Sunday, November 7, 2010

Oregon Historical Society Rediviva?

The Oregon Historical Society has a substantial, but temporary, new revenue source, thanks to the recent vote of Multnomah County voters. I voted for the levy, but I did so with many misgivings.
First: for the past decade, the Society has strenuously avoided telling its membership, and the state legislature, and the general public, just what it proposes to do with itself. Now, in extremis, it still has no vision, no plan, no articulated ambitions, no stated sense of its duties or obligations. If the Society doesn’t soon form some plans, and articulate some goals, it stands little chance of getting an extension on this extraordinary levy. This is a one-time opportunity.
Second: the Society has spent the past decade squandering its resources. It has made a number of dubious financial decisions. It has carelessly dismissed its intellectual capital, the expert staff that was its claim to respect. It has kept both its membership and the public at large in the dark as to its precarious position. It has overtly thwarted efforts to bring light to that situation, or to engage its membership in any discussion of its future. This closed and aloof behavior does not bode well for the Society’s continuance.
Third: despite the provisions of an oversight committee for the county levy, the management of the Society remains in the hands of a large, self-selected, often uninterested, and exceedingly unwieldy board, and of a caretaker director. While the board and the director deserve credit for devising and promoting this innovative levy, they must now prove that it was worth their efforts. Will the Society that evolves in the next five years be an organization that deserves continued support? Will the Society use this short-term levy as a platform from which to rebuild a tattered reputation?
When I consider how many times I have been disappointed by the Society’s actions, I wonder that I voted for this levy. So many good people have been thrown out the door, so many valuable programs -- folklife, oral history, the press, the public historian office, the Century Farm & Ranch program, outreach to local historical agencies, collection digitization, library partnerships with PSU -- have vanished in the past decade. Do you suppose that the Society will now ask the voters of Multnomah County to work with them to rebuild a useful and scintillating Oregon Historical Society? They should. They should ask their membership as well. They should also ask the state’s historians and archivists and librarians and genealogists and history buffs and historic preservationists and museum goers and educators and tribal leaders and urban planners and cultural tourism directors, and the professors of history and literature and art and museum studies and architecture and anthropology and sociology, and ...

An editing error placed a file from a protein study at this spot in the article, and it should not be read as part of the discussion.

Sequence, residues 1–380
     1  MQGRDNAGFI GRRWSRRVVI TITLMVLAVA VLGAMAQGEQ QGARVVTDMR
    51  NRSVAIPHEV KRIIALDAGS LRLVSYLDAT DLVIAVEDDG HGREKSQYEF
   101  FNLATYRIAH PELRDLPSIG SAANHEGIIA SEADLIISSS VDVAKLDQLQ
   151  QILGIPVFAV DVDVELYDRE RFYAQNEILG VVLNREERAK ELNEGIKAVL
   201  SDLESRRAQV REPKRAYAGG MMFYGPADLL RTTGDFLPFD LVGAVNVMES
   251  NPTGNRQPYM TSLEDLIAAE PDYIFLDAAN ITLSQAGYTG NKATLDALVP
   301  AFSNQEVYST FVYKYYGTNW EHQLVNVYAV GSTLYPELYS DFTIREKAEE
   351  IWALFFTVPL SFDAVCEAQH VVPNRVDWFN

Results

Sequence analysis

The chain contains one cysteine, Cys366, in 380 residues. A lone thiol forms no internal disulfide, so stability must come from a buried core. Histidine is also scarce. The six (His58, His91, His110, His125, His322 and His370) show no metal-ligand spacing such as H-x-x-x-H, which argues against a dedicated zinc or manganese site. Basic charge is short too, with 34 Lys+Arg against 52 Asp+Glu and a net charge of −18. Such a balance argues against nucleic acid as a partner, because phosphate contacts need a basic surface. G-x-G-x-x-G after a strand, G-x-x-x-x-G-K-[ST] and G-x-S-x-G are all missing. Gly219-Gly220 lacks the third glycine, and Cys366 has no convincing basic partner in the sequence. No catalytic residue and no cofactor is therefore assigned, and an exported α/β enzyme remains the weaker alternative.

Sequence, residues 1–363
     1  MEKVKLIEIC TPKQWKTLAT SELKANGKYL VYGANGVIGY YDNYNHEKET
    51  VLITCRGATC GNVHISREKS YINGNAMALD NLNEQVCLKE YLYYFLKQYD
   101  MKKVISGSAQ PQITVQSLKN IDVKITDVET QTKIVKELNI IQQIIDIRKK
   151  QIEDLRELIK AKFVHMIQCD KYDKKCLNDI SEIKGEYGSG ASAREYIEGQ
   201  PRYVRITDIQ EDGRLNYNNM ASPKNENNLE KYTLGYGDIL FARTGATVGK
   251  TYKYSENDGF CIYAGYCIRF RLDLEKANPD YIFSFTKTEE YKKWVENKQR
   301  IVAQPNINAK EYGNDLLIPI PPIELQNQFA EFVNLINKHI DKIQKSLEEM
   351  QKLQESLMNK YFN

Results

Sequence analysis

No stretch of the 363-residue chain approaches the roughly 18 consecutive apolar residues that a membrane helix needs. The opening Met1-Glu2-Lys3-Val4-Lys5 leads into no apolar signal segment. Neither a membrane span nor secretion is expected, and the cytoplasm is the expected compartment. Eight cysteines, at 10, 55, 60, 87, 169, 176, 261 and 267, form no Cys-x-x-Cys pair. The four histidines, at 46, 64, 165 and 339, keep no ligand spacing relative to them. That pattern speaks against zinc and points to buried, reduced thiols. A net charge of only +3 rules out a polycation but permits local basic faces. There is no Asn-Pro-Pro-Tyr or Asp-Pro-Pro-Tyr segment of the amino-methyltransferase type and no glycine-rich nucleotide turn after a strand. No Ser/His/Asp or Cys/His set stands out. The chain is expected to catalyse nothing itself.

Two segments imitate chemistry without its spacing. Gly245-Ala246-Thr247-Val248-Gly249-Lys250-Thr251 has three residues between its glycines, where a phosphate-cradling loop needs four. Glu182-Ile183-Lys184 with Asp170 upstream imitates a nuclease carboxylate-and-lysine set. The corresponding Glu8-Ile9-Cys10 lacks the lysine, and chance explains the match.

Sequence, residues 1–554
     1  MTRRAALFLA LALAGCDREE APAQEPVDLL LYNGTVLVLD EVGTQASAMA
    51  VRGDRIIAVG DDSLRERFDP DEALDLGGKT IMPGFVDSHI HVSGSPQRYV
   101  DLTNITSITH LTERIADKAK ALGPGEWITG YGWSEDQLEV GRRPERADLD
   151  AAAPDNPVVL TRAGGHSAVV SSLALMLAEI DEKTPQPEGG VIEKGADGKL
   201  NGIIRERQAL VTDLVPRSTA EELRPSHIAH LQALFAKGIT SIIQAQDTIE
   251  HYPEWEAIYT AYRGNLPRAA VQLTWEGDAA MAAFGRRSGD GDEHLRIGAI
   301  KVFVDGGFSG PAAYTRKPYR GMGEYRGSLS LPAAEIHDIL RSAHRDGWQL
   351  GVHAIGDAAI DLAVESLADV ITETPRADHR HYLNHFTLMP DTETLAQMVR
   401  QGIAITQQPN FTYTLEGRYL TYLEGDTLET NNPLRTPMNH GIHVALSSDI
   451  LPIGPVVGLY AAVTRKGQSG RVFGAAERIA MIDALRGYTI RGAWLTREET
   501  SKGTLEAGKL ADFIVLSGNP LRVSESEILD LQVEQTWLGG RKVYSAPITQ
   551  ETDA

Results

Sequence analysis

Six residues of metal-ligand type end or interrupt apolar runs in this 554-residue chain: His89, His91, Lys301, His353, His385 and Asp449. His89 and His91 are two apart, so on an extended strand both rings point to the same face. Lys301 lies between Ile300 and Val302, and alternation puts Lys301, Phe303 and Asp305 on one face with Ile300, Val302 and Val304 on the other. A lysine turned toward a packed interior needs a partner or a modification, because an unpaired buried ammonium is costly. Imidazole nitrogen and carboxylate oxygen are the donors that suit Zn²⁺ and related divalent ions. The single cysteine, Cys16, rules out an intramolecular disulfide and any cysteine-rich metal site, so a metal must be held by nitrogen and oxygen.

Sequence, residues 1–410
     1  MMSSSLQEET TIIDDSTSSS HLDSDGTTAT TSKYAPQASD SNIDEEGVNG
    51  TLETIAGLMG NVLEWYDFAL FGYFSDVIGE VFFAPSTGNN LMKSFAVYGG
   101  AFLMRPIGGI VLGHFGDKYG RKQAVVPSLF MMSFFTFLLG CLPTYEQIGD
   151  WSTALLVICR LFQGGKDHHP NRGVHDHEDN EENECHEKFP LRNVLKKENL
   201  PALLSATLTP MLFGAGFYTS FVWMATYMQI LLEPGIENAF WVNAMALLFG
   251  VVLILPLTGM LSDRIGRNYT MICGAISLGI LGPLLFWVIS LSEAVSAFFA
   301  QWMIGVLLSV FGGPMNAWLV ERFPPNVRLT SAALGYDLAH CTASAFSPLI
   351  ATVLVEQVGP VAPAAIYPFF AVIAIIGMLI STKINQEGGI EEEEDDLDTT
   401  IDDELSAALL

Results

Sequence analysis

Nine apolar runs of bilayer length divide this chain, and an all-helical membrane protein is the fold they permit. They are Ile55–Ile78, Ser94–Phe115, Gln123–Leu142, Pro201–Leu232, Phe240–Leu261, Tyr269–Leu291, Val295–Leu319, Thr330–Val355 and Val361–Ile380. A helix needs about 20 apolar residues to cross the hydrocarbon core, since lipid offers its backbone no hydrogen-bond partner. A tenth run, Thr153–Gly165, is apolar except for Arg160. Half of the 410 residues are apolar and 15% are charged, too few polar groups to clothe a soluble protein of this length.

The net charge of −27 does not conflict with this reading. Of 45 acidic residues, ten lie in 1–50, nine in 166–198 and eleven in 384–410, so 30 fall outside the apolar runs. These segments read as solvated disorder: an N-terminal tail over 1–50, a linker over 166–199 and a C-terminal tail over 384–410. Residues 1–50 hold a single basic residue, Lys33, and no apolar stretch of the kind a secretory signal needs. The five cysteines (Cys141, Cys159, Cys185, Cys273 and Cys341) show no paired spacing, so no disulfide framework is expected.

Will they do that?


Cornelius C. Beekman (1828-1915) was a small-town banker, express agent, stationer, and philanthropist. He lived in Jacksonville from about 1855 until his death. He was a reluctant Republican candidate for governor of Oregon in 1878; though he refused to campaign, he lost the election by a mere 47 votes. Beekman served for several years on the board of the Oregon Historical Society, and willed his private bank building and its contents to the Society. For many years, the Society awarded a Beekman Prize for the best article in the Oregon Historical Quarterly.  Benjamin B. Beekman, son of Cornelius, endowed a chair in history at the University of Oregon in his father's memory. Papers relating to Cornelius C. Beekman and his family, his business, and his charitable activities are in the collections of both the Oregon Historical Society research library, and the University of Oregon Libraries.

1 comment:

  1. You raise some great points, Richard -- thanks for this.

    I truly hope the OHS management takes this opportunity to look beyond the immediate, emergency situation recently ameliorated by passage of this levy and put in the time and effort to develop an inclusive and sustainable strategic vision. Reaching out to the many constituencies that you list should be their first step in this direction.

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